This shouldn’t be a bunch of reading materials that are going to make your new hire want to pull their hair out strand by strand.
Videos are one of the best ways to make your training more engaging because they help deliver visual information in a way that written text can’t.
Still not 100% convinced? Well, 83% of employees would prefer to watch videos to learn something new than read about it.
Another excellent way to incorporate videos into your training is by using them to communicate your organization’s values and mission. You can use these videos to shed light on what your company culture is like and how it is to work in your organization. Employee testimonials are also a great introduction to a company.
5. Schedule one-on-one meetings
Almost 72% of employees believe that having dedicated one-on-one meetings with their managers is crucial to their onboarding success.
Don’t underestimate the power of spending personal time with your new employees and checking up on them regularly. During these meetings, you should let them know how they can progress in their careers and what’s expected of them during onboarding and in the long term.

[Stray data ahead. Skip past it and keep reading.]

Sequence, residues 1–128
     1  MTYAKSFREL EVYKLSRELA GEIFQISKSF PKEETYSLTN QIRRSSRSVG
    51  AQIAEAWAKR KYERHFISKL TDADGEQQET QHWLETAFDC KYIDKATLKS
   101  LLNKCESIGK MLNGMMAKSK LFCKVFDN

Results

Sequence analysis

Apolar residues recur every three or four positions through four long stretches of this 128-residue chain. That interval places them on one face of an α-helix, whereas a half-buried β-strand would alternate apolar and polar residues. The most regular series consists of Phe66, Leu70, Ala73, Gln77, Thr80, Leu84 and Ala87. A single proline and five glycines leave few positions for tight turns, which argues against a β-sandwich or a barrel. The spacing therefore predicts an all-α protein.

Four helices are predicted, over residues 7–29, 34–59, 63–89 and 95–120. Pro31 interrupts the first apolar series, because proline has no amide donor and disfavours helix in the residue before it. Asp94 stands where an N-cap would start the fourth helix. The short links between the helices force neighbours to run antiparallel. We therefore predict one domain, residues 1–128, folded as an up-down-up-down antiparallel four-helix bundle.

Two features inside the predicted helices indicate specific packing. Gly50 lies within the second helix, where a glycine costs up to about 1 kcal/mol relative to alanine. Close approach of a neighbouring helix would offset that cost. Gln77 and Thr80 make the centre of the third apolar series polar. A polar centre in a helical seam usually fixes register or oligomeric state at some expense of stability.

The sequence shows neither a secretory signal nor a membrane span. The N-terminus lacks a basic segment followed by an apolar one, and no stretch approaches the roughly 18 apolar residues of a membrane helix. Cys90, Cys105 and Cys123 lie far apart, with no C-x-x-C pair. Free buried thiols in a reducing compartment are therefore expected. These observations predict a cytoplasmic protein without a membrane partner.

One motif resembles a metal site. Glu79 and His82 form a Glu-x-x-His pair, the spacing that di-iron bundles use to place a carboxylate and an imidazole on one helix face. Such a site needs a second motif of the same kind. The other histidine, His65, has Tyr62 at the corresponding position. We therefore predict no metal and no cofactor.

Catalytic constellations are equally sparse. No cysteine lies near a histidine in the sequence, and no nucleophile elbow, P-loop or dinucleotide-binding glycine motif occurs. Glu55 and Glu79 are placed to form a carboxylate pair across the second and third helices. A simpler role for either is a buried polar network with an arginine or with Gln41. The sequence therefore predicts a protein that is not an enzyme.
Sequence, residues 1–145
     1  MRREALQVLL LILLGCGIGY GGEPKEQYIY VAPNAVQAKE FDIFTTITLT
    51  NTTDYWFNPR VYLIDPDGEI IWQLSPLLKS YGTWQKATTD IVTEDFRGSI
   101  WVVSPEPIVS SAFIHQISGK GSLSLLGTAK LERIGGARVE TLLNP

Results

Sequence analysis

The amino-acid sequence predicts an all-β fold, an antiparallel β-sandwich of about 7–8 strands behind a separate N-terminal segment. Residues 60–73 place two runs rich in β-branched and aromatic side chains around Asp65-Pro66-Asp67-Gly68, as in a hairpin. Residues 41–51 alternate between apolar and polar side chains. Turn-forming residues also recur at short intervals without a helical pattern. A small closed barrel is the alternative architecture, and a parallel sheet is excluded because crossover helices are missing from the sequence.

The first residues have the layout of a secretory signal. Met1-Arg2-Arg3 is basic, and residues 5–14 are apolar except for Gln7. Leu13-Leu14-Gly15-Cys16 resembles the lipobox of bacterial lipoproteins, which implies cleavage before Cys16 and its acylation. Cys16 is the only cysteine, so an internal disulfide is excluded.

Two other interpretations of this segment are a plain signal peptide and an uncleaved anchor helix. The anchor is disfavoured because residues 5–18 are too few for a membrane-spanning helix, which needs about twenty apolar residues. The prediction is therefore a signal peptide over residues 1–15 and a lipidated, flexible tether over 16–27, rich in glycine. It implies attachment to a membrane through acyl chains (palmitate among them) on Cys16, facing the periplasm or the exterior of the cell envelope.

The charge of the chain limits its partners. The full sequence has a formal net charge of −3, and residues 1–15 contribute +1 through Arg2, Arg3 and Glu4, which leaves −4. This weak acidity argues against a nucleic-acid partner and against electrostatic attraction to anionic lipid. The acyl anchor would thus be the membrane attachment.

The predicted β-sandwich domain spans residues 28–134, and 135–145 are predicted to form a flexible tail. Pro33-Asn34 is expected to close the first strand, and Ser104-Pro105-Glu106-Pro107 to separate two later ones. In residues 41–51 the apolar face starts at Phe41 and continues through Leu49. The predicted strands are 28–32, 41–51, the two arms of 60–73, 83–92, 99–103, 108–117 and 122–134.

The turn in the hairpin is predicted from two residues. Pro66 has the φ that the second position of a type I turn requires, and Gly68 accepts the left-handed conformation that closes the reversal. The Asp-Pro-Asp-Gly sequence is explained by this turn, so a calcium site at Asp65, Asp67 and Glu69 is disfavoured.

6. Use mentoring programs
Employees need friendships to truly flourish in an organization. That’s because close relationships among colleagues help make them 50% happier and 7 times more engaged than employees without these work relationships.
By providing mentoring programs to your new hires, you help foster these work connections and nurture future collaboration. Assigning a mentor to the new employee from their first day makes them feel part of the team almost instantly. With a mentor, they’re rapidly integrated into the company culture and set to feel more comfortable in their role.
7. Complete performance reviews
Checking in with your new hire isn’t enough. You also want to be getting a tangible report on the new hire’s progress.
When you conduct performance reviews, you gain more insight into how well they’re adapting to the company culture and their new role.
If you see any issues with their performance, you can implement an action plan immediately. This is far better than discovering one year into their employment when they’re unmotivated and unengaged.
Otherwise, you never find out because they left your company before you could assess their performance and find the issue.
8. Automate tedious tasks